Sunday, March 31, 2013

Watsons Go to Birmingham (Christopher Paul Curtis)


Summary of The Watsons Go to Birmingham 1963 (by Christopher Paul Curtis):
Kenny and his family of “weird” Watsons live in Flint during the tumultuous civil rights era.  In their middle class, black community in Michigan, they are insulated from much of the tension and violence.  The novel focuses on their everyday lives and relationships, which ranges from humorous when Byron gets his tongue stuck to the car mirror during a winter storm to endearing as the family sits around listening to music on their new car record player to reflective as Kenny learns how to be a friend to the neighborhood newbies.  The family decides to take a trip down to Birmingham, Alabama to visit extended family.  During their stay, they experience a racial terrorist attack on a church in the community they are visiting. 

Evaluation
I had a fond recollection of this middle grade novel after reading it several years ago, but I had honestly forgotten how endearing the voice and timeless the story until I recently reread it.  Author Christopher Paul Curtis so beautifully captures the perspective of a 9 year old boy, Kenny.  He has an innocence about him that tempers the tragedy and tension, which is ideal for young readers.  Kenny, also, has a mischievous-side, bringing about much of the humor and lightness in the novel.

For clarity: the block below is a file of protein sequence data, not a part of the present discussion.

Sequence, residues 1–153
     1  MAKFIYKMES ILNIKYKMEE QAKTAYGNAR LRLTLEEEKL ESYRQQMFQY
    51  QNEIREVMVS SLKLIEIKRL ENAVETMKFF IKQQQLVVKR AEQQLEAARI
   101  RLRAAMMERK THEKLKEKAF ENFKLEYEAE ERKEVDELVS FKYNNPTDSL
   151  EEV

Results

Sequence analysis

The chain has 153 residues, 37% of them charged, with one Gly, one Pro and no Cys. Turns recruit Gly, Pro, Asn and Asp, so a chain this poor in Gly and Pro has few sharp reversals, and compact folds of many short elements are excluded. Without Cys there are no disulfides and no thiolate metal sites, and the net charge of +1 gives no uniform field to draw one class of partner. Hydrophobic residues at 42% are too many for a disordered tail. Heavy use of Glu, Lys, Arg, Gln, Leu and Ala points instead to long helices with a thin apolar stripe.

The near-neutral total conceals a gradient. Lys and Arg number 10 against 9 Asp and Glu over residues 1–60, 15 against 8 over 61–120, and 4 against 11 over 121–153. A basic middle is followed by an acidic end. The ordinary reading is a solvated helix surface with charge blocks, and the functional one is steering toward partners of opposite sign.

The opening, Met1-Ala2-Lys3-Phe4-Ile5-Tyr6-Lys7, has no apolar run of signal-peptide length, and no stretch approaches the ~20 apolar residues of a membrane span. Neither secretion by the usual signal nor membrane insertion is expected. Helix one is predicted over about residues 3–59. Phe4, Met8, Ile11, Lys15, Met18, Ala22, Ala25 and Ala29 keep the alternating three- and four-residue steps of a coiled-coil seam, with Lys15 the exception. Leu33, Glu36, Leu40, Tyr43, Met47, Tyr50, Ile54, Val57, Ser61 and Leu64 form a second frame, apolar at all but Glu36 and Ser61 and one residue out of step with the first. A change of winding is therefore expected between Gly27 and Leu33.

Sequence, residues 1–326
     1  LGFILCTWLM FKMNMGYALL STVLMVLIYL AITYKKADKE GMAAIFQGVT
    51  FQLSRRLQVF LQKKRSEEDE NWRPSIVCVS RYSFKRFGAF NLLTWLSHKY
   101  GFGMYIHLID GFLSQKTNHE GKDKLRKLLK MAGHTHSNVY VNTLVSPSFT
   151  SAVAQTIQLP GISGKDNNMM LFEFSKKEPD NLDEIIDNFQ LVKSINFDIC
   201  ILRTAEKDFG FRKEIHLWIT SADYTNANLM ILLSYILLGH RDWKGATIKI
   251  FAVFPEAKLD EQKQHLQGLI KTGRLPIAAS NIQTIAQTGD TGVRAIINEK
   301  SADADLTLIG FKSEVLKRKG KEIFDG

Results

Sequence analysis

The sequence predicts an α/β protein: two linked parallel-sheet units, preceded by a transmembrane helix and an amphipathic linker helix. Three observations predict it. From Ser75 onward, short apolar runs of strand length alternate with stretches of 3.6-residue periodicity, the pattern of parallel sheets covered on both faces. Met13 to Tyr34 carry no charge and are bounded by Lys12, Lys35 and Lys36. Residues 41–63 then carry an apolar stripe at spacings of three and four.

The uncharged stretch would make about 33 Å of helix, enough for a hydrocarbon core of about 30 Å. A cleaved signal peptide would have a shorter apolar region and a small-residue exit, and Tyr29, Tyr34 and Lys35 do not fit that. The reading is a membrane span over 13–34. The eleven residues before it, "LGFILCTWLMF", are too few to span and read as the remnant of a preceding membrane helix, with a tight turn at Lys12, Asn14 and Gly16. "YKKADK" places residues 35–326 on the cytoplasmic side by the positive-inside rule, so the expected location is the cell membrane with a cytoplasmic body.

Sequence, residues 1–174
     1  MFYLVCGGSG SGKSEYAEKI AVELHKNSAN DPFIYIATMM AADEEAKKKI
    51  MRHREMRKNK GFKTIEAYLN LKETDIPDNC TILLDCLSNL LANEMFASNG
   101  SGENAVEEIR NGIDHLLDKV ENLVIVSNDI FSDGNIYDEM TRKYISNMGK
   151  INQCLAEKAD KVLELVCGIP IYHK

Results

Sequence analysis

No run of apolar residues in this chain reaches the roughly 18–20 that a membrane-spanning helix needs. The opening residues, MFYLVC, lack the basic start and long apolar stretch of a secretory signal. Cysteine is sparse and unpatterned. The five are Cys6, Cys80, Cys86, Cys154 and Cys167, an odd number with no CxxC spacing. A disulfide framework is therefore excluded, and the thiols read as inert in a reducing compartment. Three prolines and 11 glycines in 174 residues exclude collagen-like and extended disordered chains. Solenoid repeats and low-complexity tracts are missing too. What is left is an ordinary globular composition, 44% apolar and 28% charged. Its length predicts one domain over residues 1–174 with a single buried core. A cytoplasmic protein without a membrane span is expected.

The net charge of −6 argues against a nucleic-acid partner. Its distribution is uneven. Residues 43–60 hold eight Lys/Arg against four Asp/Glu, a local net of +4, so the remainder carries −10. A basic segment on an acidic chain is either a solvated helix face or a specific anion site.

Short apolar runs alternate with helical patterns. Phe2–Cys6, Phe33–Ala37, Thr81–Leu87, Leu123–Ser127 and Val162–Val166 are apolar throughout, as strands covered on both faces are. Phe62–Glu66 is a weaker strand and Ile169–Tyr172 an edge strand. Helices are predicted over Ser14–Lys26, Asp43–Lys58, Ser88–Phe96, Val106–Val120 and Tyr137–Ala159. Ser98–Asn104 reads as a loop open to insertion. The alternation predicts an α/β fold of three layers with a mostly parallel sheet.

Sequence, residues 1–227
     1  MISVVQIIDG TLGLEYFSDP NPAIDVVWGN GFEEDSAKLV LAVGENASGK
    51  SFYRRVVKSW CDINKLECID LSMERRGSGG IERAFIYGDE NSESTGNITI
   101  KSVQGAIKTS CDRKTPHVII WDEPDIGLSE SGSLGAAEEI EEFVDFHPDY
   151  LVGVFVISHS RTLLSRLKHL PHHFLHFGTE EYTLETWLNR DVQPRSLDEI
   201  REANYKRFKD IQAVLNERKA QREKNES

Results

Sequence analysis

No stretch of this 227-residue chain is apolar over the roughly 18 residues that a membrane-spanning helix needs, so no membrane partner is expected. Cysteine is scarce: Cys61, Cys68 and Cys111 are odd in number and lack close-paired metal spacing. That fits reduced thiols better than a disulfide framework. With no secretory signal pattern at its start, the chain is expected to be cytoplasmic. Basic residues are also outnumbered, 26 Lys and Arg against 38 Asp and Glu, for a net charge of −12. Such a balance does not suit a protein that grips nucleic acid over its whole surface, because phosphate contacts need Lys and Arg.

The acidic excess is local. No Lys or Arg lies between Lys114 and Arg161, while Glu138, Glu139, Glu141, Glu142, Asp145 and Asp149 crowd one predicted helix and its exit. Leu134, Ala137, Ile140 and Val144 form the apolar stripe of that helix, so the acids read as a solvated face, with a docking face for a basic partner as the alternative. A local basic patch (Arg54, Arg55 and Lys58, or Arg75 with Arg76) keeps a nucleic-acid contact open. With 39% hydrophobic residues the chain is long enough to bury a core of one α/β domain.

I love the family dynamics.  There is sibling rivalry—particularly between Kenny and his older brother Byron--but it is clear the boys love each other.  Kenny looks up to his brother, known the “juvenile delinquent,” even though Byron often torments him.  Also, Byron saves Kenny physically and emotionally during the course of the story.  The parents have a strong, through not overbearing, presence in their children's lives.  The youngest child plays the smallest role in the action, mostly that of a tattle tale and conscious to the two older boys.  Each person, including the parents, is flawed, but ultimately, they all look out for each other and love each other.